It’s no secret that a college education is expensive, and many students have no idea how to cope with the expense. Tuition and fees aren’t the only considerations: there are overlooked costs that can add up quickly and become long-term debt.
Graduating with mortgage-sized loans will affect your credit score, which in turn will affect how you take out additional lines of credit in the future. (You can see how your student loans are affecting your credit by viewing two of your credit scores for free, updated each month, on Credit.com.)
Consider your goals and how you can trim excess spending from your budget. Here are seven areas you may want to start.
1. Meal Plans
Food represents a significant cost of college living, and you may be spending too much. While some consider the expense of a college meal plan perfectly acceptable, others may cringe at the thought of spending that much on food. You could consider a different approach by opting for less dining hall fare and more cost-effective options (like this 16-cent breakfast). There are plenty of nutritional meals that require no cooking.
According to The College Board, a student attending a four-year public university will pay $1,298 per year on supplies and books. You may be able to cut costs on books by:
- Renting: Textbooks are exorbitantly priced and the resale value is low. Consider renting your course materials for the semester. Sites like Amazon and TextbookRentals.com provide lots of options.
- Talking to Your Professor: Instructors often assign course material without considering the cost, but that doesn’t mean they are indifferent to your needs. Ask them if you can buy an older version of the text, borrow a book the professor may own or gain access in another frugal way. Your professor may consider changing the curriculum or providing a more affordable way to learn the material.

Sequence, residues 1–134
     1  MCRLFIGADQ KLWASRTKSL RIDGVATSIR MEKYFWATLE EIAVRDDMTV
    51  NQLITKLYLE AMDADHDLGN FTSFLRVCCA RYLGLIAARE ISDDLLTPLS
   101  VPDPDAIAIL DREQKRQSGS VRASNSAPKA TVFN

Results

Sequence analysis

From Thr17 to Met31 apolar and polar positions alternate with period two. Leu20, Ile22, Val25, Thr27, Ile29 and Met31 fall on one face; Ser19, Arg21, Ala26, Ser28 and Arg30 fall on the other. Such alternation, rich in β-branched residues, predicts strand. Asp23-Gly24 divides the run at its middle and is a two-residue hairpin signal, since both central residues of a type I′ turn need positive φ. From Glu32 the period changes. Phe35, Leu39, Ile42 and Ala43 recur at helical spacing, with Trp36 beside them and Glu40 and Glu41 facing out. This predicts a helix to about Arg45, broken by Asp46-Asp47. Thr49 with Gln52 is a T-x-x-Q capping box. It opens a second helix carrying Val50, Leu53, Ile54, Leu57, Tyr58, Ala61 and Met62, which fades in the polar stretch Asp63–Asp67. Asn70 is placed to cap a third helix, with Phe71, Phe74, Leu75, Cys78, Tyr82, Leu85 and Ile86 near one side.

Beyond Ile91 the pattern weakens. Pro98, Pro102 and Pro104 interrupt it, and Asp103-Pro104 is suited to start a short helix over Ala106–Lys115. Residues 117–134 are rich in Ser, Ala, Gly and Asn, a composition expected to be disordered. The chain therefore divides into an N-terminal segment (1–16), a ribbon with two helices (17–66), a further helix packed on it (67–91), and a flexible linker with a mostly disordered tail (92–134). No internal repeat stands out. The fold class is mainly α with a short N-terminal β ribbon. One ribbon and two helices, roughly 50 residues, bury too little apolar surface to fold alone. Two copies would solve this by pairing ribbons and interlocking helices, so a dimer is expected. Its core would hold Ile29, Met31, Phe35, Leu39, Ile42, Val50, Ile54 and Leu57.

- Applying for a Scholarship: Some academic and athletic scholarships cover supplies in addition to tuition. Talk to your academic adviser about the options available.
3. Data Plans
Wi-Fi access is one of the few complimentary services offered on most college campuses, eliminating the need for expensive cell phone data plans. Consider scaling back your service and monthly bill. Why pay for data you won’t use?
4. A Printer
Dorm rooms are notoriously small, and this choice saves space and valuable funds. Printers are available in nearly every building on a college campus, and most students are given access as part of their tuition fees. Save a few hundred bucks by printing your assignments in the library or elsewhere on campus.
5. Dorm Room Decor
My roommate and I coordinated our dorm room décor choices down to the color of our pillowcases. We also bought luxurious white carpets to place over the cold concrete floor. Cut to three months later when the rugs were stained with shoe prints and I had traded my comforter in for a throw blanket. Investing your money into temporary décor isn’t a wise move, especially on items (like carpet) that are easily ruined by wear and tear. Keep it simple during your college years and save for the future. Furnishing a post-grad apartment is easier without the burden of debt.
6. A Car
According to AAA’s 2015 Your Driving Costs study, the annual cost of owning a car is $8,698. This figure includes 15,000 miles per year, insurance coverage, gasoline, maintenance and so on. Owning a car can get expensive and is unnecessary for most co-eds. Most college campuses are designed with walkability in mind and, if not, university buses might be available for off-campus students. Save some money each month by stretching your legs or utilizing public transportation.
7. University-Sold Swag
University clothing and bookstores are notorious for price-gouging, and while you may want a poster or t-shirt, there are better ways to display your school spirit. Look for online discounts or even sales at your local chain store, like Target or Wal-Mart. Don’t allow upcharges to threaten your budget.